One of the coolest guns I’ve ever fired…

Like many Americans during World War II, Carl Anderson felt the patriotic pull and in 1944 joined the Army. In January of 45 he landed in France and along with the rest of the 66th Infantry Battalion, started a long and cold march across Germany. During one stretch they were engaged in combat for 58 days straight!

Like many American soldiers Corporal Anderson collected a few trinkets along the away. His record of items shipped home included a German hunting knife, a baby dress and various other incidentals for family and friends. One thing not listed was a 9mm German Luger pistol. CPL Anderson’s grandson, Chris Ellis remembers, “When I was young I would go over to visit Poppa Carl and we would set on his bed and he would show me how to take the Luger apart.”

Unlike some of the other souvenirs Anderson acquired, he came about the Luger in a rather unique way. It seems CPL Anderson and several other soldiers were clearing a building in a German city. Anderson stepped around a corner and a German soldier began shooting at him with a Luger. A bullet grazed Anderson’s neck but he quickly returned fire with his rifle, killing the German. Figuring he’d earned it, CPL Anderson took the pistol and the holster. He carried that Luger the rest of the time he was in Germany.  Ellis said, “Pops told me he used the pistol frequently in combat.”

The Luger is in excellent shape and appears to have been manufactured about 1909.  Unlike many of the military Lugers you see at gun shows this pistol is of commercial manufacturer and both the holster and pistol are marked with what seems to be police unit markings. If that’s the case it would be interesting to know how the German soldier came to be armed with the Luger. Or maybe Pappa Carl shot it out with a German policeman. In any case, the Luger still functions perfectly and shoots very well.

It is without question one of the coolest guns I have ever fired.

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About gunwriter

Born and raised in the West Virginia hills, Richard literally grew up in the woods. He has chased coon hounds until daylight, waited out whitetails perched high in an oak, canoed the New River and hunted from the Montana Mountains to the Green Hills of Africa. During service in the Army and later as a municipal police officer and Special Agent with the railroad police, Richard obtained numerous certifications in small arms instruction. He has trained military personnel, law enforcement officers and civilians in the application of firearms for defensive, competitive and recreational use. Richard won the West Virginia Governor’s Twenty Award for law enforcement, the West Virginia National Guard State Pistol Competition and earned his Distinguished Medal with pistol. Badge turned in, Richard is now a contributing editor for several magazines. He was the compiling author of the book, Rifle Bullets for the Hunter and conceptualized and contributed to Selecting and Ordering a Custom Hunting Rifle. Richard also contributed a chapter to the John Velke book, The True Story of the Baldwin-Felts Detective Agency. Richard has patents on a riflescope reticle and a revolutionary bullet testing media. A hillbilly at heart, Richard lives on Shadowland - his shooting range in West Virginia - with the most understanding wife in the world, their three kids and a very protective ridgeback hound.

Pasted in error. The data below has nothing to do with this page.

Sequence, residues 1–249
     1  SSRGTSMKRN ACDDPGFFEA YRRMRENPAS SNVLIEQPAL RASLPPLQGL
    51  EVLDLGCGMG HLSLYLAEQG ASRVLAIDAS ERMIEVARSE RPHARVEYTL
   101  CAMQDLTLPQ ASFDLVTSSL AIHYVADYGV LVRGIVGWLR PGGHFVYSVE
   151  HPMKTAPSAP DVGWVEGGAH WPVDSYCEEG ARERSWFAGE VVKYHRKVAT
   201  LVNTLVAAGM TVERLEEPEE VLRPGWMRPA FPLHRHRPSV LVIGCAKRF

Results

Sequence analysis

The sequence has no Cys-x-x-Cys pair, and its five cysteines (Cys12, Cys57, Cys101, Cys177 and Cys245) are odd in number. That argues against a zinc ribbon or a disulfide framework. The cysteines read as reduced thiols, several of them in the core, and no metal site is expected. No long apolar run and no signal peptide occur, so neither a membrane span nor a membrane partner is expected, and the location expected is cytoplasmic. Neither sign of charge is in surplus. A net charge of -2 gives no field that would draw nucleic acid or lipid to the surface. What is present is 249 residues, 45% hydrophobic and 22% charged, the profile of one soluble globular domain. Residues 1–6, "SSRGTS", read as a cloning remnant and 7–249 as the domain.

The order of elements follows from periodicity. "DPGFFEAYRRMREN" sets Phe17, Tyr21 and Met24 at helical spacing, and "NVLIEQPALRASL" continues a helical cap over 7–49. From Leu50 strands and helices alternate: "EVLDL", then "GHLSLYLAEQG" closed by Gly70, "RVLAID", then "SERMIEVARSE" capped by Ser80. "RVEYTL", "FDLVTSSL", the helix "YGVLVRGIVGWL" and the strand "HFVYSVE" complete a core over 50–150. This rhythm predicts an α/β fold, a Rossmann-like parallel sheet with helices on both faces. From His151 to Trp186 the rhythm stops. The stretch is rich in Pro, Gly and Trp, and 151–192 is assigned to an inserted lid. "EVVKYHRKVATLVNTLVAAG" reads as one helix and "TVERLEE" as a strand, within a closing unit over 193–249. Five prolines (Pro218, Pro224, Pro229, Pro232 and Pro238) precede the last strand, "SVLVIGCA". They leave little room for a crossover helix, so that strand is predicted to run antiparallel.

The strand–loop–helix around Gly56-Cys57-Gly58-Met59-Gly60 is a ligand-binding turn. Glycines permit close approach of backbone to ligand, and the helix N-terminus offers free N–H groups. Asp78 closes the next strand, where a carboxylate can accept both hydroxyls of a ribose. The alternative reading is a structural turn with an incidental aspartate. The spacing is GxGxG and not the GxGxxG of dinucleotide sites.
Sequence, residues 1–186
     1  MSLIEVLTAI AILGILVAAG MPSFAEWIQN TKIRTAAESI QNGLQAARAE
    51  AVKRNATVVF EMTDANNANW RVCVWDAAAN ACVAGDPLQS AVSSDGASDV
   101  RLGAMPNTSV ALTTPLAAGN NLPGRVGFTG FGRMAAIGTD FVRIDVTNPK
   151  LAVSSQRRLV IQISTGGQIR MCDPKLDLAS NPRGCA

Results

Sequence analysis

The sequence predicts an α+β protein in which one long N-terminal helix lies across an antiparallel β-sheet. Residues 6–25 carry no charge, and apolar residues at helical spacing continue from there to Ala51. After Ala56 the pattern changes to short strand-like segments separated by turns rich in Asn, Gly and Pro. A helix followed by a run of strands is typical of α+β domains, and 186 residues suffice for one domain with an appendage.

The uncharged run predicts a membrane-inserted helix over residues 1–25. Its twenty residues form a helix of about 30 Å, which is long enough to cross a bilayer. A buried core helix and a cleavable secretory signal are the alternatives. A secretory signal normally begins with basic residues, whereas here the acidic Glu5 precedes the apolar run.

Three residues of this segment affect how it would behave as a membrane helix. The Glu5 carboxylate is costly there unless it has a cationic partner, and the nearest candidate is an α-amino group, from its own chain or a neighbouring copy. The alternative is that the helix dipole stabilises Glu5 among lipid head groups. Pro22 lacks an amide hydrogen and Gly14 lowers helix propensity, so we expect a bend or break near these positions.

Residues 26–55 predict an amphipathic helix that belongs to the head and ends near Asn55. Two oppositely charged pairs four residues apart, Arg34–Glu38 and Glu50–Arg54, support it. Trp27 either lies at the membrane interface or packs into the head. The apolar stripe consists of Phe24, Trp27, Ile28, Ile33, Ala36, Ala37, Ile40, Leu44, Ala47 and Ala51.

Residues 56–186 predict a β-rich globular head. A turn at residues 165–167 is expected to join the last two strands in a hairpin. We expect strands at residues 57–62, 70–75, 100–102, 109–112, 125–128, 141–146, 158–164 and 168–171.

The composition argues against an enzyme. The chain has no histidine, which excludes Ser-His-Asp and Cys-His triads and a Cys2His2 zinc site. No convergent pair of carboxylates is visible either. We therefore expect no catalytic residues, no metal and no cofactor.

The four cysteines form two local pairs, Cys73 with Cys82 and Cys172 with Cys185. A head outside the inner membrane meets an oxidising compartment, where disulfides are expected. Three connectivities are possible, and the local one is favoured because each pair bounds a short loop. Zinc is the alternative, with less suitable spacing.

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4 Responses to One of the coolest guns I’ve ever fired…

  1. rambowmikeoutdoors says:

    I want one of these!

  2. RG says:

    Now, instead of mrs. obama I see an ad on this page for taco bell ! this must be some kind of external ad company that some how attaches it’s crap to various web sites because I doubt Taco Bell is one of your sponsors. I took a screen shot of this in case the ad gets lost while communicating with about this. I don’t know how to attach a screen shot within this “reply” box. I could e mail it to you if you give me your e mail address.

  3. RG says:

    now in going back to your blog here the taco bell ad is gone!

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